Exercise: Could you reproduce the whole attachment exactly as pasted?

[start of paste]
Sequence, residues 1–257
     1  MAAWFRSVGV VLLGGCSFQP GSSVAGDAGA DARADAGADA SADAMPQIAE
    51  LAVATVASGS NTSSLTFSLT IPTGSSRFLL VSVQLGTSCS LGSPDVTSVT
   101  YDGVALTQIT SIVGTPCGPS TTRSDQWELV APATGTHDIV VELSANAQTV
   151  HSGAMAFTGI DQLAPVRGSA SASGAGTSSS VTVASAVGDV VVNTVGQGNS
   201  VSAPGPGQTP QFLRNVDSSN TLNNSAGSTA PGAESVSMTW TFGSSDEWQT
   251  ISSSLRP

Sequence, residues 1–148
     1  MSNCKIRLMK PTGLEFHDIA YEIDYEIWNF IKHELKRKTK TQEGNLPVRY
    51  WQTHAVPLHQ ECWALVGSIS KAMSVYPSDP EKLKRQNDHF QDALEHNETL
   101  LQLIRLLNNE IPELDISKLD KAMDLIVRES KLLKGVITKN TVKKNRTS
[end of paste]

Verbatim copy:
Sequence, residues 1–257
     1  MAAWFRSVGV VLLGGCSFQP GSSVAGDAGA DARADAGADA SADAMPQIAE
    51  LAVATVASGS NTSSLTFSLT IPTGSSRFLL VSVQLGTSCS LGSPDVTSVT
   101  YDGVALTQIT SIVGTPCGPS TTRSDQWELV APATGTHDIV VELSANAQTV
   151  HSGAMAFTGI DQLAPVRGSA SASGAGTSSS VTVASAVGDV VVNTVGQGNS
   201  VSAPGPGQTP QFLRNVDSSN TLNNSAGSTA PGAESVSMTW TFGSSDEWQT
   251  ISSSLRP

Sequence, residues 1–148
     1  MSNCKIRLMK PTGLEFHDIA YEIDYEIWNF IKHELKRKTK TQEGNLPVRY
    51  WQTHAVPLHQ ECWALVGSIS KAMSVYPSDP EKLKRQNDHF QDALEHNETL
   101  LQLIRLLNNE IPELDISKLD KAMDLIVRES KLLKGVITKN TVKKNRTS